February 7, 2014

Minorities, Women Still Underrepresented in STEM Fields

America’s science and engineering sectors have made strides toward building a more diverse labor force, but progress remains to be made, the National Science Board’s annual “Science and Engineering Indicators” report found. “There has been some general movement toward more diversity of participation in S&E [science and engineering] occupations,” the report, said. Asians, for example, made up 19% of scientists and engineers in the United States in 2010 ... far higher than their proportion in the general population, which was 5%. By contrast,

African Americans, Hispanics, American Indians and Alaska Natives, “historically underrepresented racial and ethnic groups,” the report described, accounted for 10% of the country’s workers in science and engineering in 2010 ... up slightly from 7% in 1993, but still a far smaller proportion than their share of the general population, which was 26%.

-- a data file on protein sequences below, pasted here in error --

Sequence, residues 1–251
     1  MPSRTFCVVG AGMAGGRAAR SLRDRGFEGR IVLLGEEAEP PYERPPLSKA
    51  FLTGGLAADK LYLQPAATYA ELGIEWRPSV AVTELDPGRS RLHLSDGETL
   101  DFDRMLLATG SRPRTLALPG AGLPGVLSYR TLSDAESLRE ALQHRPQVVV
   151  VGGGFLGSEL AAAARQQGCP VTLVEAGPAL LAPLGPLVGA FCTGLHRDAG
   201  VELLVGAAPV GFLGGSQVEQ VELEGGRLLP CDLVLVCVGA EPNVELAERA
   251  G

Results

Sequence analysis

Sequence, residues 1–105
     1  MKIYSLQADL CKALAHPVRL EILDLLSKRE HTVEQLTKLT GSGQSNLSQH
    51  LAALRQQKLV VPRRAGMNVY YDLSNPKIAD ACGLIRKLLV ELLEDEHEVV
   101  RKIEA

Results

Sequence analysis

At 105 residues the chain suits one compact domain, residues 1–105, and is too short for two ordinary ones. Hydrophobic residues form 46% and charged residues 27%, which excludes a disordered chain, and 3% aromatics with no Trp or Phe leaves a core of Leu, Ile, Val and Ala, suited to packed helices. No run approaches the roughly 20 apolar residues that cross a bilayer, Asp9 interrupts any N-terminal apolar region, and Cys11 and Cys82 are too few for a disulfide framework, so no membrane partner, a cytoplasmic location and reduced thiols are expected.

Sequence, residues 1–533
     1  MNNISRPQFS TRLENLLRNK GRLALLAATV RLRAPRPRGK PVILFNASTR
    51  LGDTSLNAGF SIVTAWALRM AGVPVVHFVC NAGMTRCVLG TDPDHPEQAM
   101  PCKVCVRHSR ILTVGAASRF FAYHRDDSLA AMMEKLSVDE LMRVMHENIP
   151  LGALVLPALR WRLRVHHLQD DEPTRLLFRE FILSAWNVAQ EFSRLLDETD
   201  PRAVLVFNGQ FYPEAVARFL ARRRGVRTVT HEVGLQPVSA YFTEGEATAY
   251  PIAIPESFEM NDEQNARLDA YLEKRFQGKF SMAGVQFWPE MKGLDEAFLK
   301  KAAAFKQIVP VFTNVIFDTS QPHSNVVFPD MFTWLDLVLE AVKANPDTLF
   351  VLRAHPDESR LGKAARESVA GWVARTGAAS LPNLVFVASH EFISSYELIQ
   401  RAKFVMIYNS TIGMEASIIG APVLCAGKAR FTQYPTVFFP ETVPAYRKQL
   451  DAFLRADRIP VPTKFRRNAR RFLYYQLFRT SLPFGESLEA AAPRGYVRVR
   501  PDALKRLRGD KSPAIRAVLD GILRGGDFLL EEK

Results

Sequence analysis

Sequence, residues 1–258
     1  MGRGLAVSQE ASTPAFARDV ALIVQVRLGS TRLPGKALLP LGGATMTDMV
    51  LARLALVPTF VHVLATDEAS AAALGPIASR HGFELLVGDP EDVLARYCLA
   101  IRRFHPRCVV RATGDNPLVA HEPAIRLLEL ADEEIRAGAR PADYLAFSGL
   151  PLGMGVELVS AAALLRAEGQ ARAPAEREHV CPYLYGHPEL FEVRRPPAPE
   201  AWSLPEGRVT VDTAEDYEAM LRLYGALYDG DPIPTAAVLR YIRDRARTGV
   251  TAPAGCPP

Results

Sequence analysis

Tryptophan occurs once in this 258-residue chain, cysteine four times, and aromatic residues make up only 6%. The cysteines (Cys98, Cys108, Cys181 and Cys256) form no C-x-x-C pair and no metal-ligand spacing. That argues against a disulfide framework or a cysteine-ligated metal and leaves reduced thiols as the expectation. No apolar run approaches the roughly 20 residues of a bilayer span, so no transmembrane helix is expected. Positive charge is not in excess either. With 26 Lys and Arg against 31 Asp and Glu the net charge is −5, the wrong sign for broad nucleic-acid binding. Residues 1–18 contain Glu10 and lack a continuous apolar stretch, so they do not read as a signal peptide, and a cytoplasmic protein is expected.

Read the rest of this US News & World Report article.
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Ned Hamson said...

Will we still see study results like this in 2024? I first heard someone tell a room full of 1,000 NASA engineers the same thing in 1994. Today's and yesterday's engineers are not likely to be the one's to change things because if they were, things would already be different. What's the answer? Lots of agreement and budgeting to support the idea if we don't change this, we will decline significantly over the next 20 years as a nation.

Wayne Hicks said...

Ned - I pray that we aren't seeing the same study results 10 years from now. I do my part through volunteer efforts with BDPA ... an association of African American IT professionals.

We can't afford to lose the future by losing another generation of non-STEM ready students.